Local real estate firm sponsoring Alice Birney School’s garden program
By Dave Fidlin | SDUN Reporter
Since the school garden’s resurrection nearly a decade ago, Alice Birney Elementary School students have been able to play in the dirt – literally – as part of a hands-on garden program. Fiscal constraints at the state level have put the offering in doubt, but a local firm is lending its financial support.
Tomea Inc. Consulting, an upstart real estate firm with six employees in Bankers Hill, announced a partnership with Alice Birney staff and students earlier this spring. The firm has pledged its resources to ensure the garden program remains in the curriculum at Alice Birney for the foreseeable future.
Began a year ago, community involvement was a cornerstone of Tomea’s philosophy, Director of Operations Melania Mirzakhanian said.
“It’s something that’s important to all of us,” she said. “We began to reach out to local schools in the area and did some research. We liked the garden program at Alice Birney. It’s unique.”
Amanda Hammond-Williams, principal at Alice Birney, said the garden program returned eight years ago after a lengthy hiatus. The resurrection was due in large part to an active PTA group at the time. Students in kindergarten to grade five attend the University Heights magnet school, located at 4345 Campus Ave.
Since its return, the garden program has been incorporated into school curriculum as one of the regular specials alongside art, physical education and Spanish language.
With ongoing funding problems prevalent at the state level, officials within the San Diego Unified School District have faced difficult decisions in recent years. When funding deficits come into play, programs outside core curriculum tend to be first on the chopping block.
As part of its agreement with Alice Birney, Tomea staff have pledged the necessary funds to ensure the garden program will be offered in the winter and spring months for a total of 33 weeks. For the time being, regular school funds will ensure the program is offered in the fall.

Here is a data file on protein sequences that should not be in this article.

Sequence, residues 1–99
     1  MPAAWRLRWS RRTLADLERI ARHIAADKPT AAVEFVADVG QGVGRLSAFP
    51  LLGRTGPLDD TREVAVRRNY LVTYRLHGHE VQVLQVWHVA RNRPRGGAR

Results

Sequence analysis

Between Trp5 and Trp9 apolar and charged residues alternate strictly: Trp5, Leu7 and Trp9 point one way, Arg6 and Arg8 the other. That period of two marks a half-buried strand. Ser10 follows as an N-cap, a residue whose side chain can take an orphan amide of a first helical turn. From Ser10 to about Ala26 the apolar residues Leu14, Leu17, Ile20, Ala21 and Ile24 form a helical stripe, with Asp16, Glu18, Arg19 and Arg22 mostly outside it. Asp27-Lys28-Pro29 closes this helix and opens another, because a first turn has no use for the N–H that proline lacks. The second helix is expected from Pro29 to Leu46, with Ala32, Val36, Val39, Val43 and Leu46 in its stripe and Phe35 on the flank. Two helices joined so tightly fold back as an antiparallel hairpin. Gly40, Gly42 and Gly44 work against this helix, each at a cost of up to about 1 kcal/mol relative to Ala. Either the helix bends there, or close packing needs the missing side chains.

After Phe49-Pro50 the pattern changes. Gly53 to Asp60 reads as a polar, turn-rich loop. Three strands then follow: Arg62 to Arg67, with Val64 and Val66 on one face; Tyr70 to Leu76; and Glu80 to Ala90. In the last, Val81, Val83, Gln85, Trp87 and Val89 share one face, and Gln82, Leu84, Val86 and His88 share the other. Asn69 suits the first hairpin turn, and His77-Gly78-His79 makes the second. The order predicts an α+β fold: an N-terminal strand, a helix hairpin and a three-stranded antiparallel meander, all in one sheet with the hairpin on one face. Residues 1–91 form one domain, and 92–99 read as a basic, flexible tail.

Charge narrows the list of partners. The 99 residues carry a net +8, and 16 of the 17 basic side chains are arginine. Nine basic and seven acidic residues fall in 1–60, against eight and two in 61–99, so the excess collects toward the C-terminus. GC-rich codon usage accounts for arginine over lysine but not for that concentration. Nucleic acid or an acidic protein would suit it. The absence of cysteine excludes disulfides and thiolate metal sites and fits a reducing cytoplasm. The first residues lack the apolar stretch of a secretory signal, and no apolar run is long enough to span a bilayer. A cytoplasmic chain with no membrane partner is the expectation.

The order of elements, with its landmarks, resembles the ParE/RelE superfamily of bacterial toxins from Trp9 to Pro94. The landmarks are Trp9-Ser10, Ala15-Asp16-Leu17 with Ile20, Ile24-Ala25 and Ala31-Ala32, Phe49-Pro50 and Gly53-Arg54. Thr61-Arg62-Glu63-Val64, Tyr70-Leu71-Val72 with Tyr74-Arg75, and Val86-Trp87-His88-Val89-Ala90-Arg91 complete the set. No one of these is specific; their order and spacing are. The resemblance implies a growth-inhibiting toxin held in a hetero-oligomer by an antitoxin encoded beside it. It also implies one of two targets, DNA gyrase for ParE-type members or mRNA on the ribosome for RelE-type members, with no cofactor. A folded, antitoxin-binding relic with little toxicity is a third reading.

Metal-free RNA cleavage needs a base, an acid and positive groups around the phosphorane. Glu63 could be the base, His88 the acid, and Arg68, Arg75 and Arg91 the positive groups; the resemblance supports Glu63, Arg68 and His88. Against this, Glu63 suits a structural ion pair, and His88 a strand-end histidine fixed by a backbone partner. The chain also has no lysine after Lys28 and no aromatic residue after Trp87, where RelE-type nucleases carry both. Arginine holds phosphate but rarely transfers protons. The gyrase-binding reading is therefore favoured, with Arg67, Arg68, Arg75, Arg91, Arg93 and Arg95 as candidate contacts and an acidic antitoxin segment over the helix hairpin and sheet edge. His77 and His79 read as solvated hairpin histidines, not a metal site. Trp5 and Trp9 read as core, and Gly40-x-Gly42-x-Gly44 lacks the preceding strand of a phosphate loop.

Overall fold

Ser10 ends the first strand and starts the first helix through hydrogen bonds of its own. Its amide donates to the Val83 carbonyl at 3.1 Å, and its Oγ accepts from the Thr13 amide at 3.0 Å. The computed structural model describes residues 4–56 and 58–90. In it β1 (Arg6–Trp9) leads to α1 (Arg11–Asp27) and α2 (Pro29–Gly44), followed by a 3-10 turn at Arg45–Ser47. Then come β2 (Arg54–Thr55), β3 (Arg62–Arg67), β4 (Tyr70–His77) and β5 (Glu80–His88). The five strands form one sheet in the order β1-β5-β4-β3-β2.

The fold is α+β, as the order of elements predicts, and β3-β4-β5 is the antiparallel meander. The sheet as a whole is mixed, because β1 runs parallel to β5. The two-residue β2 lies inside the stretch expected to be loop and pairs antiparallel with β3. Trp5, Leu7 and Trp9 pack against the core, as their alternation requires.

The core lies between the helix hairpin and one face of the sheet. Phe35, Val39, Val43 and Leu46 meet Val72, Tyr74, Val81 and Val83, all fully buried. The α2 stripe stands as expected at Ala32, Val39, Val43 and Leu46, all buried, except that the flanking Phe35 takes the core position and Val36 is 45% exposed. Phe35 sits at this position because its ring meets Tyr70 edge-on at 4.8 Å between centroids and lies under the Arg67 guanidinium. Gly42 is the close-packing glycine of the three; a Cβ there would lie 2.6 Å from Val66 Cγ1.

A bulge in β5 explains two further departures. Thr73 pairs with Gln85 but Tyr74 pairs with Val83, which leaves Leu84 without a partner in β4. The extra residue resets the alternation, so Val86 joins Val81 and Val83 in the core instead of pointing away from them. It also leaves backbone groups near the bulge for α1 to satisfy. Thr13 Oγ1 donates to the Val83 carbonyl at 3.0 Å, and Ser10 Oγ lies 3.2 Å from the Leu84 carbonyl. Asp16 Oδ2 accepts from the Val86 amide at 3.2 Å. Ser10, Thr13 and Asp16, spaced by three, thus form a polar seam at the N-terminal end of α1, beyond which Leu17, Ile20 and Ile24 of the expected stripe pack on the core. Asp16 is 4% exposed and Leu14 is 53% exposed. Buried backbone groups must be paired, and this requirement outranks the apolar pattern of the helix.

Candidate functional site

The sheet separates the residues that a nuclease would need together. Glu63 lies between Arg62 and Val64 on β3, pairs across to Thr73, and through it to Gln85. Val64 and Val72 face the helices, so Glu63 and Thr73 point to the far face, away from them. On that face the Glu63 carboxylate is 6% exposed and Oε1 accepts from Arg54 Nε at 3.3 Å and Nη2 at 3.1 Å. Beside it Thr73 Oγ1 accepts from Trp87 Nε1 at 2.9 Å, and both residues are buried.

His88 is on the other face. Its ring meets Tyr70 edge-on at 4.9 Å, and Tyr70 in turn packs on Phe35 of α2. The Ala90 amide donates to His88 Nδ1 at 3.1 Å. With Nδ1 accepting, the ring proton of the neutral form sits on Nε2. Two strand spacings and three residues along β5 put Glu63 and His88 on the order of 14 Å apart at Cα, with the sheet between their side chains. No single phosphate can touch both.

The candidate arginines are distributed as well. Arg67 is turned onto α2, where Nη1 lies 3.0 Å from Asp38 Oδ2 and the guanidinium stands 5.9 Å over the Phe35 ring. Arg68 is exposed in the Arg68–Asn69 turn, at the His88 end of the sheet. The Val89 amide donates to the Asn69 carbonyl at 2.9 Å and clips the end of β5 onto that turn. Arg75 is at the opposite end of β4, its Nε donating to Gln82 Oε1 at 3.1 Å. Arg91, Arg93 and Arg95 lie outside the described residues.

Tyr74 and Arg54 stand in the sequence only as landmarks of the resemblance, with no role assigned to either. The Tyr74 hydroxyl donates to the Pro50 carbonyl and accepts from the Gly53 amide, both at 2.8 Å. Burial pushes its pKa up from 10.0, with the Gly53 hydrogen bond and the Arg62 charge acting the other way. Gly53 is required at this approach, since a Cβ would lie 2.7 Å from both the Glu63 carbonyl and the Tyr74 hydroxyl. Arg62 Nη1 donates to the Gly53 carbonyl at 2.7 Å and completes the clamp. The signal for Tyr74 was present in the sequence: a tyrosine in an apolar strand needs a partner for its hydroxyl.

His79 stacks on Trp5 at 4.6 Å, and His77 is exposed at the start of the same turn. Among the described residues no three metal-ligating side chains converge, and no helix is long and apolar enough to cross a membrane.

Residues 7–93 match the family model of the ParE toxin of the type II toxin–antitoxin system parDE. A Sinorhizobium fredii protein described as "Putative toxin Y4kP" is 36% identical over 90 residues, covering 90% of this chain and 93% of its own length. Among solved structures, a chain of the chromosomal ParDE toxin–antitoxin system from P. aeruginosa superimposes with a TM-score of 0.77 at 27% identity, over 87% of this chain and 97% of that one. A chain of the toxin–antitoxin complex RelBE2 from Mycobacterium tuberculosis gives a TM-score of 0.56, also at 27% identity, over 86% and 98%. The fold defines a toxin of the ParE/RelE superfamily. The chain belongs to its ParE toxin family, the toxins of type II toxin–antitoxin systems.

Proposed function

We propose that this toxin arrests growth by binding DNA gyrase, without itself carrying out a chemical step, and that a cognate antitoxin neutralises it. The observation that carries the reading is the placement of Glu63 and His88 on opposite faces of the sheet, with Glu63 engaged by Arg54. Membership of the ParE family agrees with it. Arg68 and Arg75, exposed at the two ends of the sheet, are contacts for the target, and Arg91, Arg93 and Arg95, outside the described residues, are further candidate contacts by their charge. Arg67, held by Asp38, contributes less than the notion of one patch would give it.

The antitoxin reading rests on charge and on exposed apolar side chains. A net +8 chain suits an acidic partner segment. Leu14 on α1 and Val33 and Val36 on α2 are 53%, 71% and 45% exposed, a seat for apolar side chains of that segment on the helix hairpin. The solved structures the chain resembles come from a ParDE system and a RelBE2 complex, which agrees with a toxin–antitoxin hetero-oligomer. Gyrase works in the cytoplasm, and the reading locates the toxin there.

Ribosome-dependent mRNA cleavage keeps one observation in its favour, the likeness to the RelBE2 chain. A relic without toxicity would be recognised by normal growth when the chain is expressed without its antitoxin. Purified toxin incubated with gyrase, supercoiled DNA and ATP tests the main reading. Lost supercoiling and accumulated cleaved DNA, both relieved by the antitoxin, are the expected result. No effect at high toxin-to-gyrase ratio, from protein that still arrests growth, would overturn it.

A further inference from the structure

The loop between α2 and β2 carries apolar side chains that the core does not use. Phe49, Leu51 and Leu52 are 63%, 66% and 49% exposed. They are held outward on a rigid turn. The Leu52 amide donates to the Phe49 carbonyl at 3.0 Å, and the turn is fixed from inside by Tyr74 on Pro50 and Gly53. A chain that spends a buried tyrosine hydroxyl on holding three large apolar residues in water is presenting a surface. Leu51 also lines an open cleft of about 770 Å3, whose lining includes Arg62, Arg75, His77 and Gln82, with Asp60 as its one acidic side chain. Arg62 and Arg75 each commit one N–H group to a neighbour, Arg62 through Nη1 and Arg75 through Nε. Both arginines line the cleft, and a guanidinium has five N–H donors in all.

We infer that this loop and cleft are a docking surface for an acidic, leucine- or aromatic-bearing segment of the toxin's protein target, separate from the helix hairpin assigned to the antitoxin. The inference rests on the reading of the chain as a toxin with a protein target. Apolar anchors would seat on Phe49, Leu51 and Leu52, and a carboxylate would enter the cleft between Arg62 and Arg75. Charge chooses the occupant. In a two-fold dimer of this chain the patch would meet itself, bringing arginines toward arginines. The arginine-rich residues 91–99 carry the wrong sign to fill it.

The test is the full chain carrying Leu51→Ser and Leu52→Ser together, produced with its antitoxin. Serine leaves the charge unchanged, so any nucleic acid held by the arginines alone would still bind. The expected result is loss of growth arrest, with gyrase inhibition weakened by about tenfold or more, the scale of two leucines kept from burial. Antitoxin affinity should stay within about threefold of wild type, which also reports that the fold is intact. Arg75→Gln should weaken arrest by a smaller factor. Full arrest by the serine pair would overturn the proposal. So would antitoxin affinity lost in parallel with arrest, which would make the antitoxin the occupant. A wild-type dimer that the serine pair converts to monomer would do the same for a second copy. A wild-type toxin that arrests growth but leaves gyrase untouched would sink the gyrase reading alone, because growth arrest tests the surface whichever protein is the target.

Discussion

While brainstorming potential causes, Mirzakhanian said she and other staffers overwhelmingly favored supporting local education.
“Children shouldn’t be the ones suffering from the budget cuts,” Mirzakhanian said. “They are the innocent ones in all this.”
Hammond-Williams said she sees great value in the program, as evidenced by the enthusiasm exhibited by students.
“The program works from seed to table,” she said, pointing out that students have a role in planting vegetables in the garden, caring for them and harvesting them when the time is appropriate. Once the array of produce is ripe, it is incorporated into the school salad bar at lunchtime.
Although it is considered a special program, the gardening does incorporate a few elements of core curriculum. For example, students learn about measurement and fractions during the planting process.
“Our fourth graders, for example, learn about seed germination, and that requires some calculating,” Hammond-Williams said.
Mirzakhanian said she and other Tomea staffers look forward to digging into the dirt alongside Alice Birney staff and students in the near future.
Mindy Swanson and Mickey McQuerry of Dig Down Deep garden educators work with the students every week in the Alice Birney gardens, and recently held a gardening camp at the school over spring break. Swanson said they were thankful for Tomea’s help, as well as their other supporters, Mission Hills Garden Club and Whole Foods Markets.
The school partnership is the second in what Mirzakhanian envisions a long string of events designed to bring the Uptown community together.
The firm’s debut effort, an art gallery event held inside the company’s offices at 2645 First Ave., took place in February. It featured nine artists and a wine and cheese tasting. Mirzakhanian said there were about 200 attendees.
“We really believe in the idea of bringing everyone together, even if it means being part of something that has nothing to do with real estate,” she said. “What we want to do is redefine real estate and change how it’s been perceived.”